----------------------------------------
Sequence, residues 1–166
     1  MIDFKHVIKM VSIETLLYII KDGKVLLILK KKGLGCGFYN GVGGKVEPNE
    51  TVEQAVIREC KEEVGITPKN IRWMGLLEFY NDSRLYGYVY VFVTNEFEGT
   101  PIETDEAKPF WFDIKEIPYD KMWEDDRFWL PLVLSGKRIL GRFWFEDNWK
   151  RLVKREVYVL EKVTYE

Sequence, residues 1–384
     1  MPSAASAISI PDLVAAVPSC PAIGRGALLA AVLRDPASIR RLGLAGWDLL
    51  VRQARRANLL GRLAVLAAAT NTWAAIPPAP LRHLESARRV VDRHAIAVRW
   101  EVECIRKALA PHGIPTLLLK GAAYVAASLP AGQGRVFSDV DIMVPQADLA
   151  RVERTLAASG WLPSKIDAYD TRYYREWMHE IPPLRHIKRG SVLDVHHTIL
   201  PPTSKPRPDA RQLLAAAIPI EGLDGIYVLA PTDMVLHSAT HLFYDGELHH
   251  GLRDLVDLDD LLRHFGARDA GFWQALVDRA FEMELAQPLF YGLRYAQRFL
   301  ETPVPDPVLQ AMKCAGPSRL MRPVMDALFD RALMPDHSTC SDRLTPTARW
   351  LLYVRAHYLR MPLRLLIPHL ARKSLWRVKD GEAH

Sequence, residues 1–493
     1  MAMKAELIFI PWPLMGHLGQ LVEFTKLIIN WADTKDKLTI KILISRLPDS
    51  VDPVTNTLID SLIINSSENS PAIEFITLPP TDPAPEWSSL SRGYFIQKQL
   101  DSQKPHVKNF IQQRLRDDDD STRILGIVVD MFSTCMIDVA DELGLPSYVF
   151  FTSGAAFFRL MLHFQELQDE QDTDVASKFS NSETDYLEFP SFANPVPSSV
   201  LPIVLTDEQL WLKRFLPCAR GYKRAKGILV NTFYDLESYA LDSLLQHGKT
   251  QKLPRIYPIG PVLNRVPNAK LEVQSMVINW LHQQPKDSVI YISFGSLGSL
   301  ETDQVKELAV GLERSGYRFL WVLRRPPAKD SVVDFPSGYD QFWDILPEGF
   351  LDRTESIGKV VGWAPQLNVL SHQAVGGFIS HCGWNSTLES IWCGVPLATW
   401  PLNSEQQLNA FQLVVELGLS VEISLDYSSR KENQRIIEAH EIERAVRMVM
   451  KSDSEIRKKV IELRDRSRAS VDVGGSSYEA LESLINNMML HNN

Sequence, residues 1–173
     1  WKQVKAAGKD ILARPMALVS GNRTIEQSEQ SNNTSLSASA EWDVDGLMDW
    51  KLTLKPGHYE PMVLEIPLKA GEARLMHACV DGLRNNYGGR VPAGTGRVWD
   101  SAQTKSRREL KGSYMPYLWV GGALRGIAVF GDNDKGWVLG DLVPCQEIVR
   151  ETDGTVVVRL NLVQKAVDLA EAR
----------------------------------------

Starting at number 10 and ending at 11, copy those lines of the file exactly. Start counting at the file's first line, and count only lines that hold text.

   151  RVERTLAASG WLPSKIDAYD TRYYREWMHE IPPLRHIKRG SVLDVHHTIL
   201  PPTSKPRPDA RQLLAAAIPI EGLDGIYVLA PTDMVLHSAT HLFYDGELHH